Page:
The partnership between clownfish and sea anemones is one of the most iconic in the animal world. Unlike in Pixar’s film Finding Nemo, clownfish seldom stray far from their anemone. During the day, they dart through the water overhead to catch morsels of food. At night, they snuggle deeply within the stinging tentacles. And the nocturnal half of this routine is still providing us with fresh surprises.
For ages, everyone thought that the two partners were a joint self-preservation society. The anemone’s tentacles provide the clownfish with protection from predators, while the clownfish chase away butterfly fish that would eat the anemone. More recently, Nanette Chadwick from Auburn University in Alabama showed that the fish also fertilise the anemone with their ammonia-rich waste.
Now, Chadwick’s team has found that the fish provide another secret service: They help the anemones breathe at night.
Sea anemones can do very little to control the flow of water across their bodies, and they rely on local currents to bring in oxygen and nutrients. For decades, scientists have suggested that the clownfish could help, but no one has actually tested that idea.
Chadwick and student Joseph Szczebak did so by studying the two-band clownfish and its host, the bubble-tip anemone, both collected from the Red Sea near Aqaba in Jordan. By separating the partners and measuring the oxygen concentrations in the surrounding water, Szczebak and Chadwick showed that, in the dark, they consume around 40 percent more oxygen together than apart. This only happened if they could actually made contact. If they were separated by a mesh barrier, and could see and smell but not touch one another, they used up less oxygen.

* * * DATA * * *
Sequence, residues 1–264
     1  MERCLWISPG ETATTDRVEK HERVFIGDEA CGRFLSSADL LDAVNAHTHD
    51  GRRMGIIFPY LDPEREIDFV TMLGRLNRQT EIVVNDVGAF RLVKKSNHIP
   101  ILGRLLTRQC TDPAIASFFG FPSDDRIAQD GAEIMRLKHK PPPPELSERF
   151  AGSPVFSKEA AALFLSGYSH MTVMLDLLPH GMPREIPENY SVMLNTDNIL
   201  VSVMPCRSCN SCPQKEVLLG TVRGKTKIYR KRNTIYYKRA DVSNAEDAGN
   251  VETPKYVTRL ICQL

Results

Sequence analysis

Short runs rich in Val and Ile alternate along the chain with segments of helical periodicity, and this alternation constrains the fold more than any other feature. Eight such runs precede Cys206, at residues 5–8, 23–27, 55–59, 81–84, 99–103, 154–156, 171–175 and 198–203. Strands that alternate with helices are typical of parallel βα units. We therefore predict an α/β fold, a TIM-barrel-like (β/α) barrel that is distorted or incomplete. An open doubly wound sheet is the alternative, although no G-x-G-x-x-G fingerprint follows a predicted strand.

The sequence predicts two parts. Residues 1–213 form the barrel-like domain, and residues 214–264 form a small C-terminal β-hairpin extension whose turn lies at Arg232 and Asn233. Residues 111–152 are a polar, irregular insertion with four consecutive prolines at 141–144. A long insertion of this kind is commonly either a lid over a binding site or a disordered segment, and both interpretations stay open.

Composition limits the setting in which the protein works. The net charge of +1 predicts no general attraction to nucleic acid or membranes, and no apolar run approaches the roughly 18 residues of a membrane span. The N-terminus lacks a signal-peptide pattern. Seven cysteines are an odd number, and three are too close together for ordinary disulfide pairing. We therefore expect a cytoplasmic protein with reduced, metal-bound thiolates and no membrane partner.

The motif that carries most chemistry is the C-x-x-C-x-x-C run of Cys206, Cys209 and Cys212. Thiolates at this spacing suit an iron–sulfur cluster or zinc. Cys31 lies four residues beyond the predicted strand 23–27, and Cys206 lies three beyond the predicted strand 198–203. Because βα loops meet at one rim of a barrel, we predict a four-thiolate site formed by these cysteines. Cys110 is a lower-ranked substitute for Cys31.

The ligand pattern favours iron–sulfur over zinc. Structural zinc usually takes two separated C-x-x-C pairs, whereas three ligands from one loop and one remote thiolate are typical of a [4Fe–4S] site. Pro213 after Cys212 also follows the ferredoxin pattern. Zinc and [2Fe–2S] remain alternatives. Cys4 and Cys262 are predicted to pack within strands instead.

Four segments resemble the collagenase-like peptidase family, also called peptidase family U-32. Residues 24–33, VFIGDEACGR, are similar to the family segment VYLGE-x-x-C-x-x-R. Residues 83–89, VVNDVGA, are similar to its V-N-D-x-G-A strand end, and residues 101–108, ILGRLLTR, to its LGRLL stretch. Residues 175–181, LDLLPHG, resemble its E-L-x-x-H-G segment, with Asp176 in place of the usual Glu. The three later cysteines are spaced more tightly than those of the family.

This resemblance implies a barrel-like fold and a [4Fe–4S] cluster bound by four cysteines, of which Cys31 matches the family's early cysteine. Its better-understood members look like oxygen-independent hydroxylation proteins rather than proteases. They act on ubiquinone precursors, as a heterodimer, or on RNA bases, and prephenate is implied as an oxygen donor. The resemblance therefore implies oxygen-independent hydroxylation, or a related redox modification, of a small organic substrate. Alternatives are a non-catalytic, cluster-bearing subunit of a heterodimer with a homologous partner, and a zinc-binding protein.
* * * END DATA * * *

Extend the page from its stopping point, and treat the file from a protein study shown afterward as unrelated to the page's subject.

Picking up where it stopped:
To understand why, Szczebak filmed the partners at night with infrared cameras, and saw that the clownfish were far more active than anyone suspected. While other marine biologists had claimed that clownfish stay still through the night, Szczebak saw the opposite—they spent most of their time moving. They would wriggle forcefully to wedge themselves between the anemone’s tentacles, and often made 180 degree turns in the process. And they never behaved like this when anemones were absent.
The fish’s frenetic dance aerates the anemone. Sway though they might, the tentacles aren’t great at moving water back and forth and stagnant zones can build up around them. That limits the movement of prey, nutrients, gases and more, and severely limits the anemone’s ability to grow. But the clownfish actively moves and opens up the tentacles, while encouraging water to flow between them. The fish uses up more oxygen because of the effort it makes and the anemone does so because of its partner’s antics, explaining the duo’s 40 percent hike in oxygen use.
The same dynamics are at work elsewhere on coral reefs. Many fish like gobies and damselfish live in corals at night, and face chokingly low levels of oxygen due to weakly flowing water. Both are known to beat their fins faster than normal to create a refreshing flow.
The fact that clownfishes do the same thing is a new slant to an old story. But there are still chapters waiting to be told. Consider this: Szczebak found that a clownfish is more likely to make its wedging, U-turning movements if it’s downstream of its anemone. Is the host releasing chemicals that spur the fish to start its dance? And what exactly is the clownfish doing? Anemones can expand and contract, and it may be that the fish are just trying to give themselves more room by inflating their hosts. Is aerating the anemone the point, or just a side effect of movements that accomplish some other purpose?
Reference: Szczebak, Henry, Al-Horani & Chadwick. 2013. Anemonefish oxygenate their anemone hosts at night. J Exp Biol. http://dx.doi.org/10.1242/jeb.075648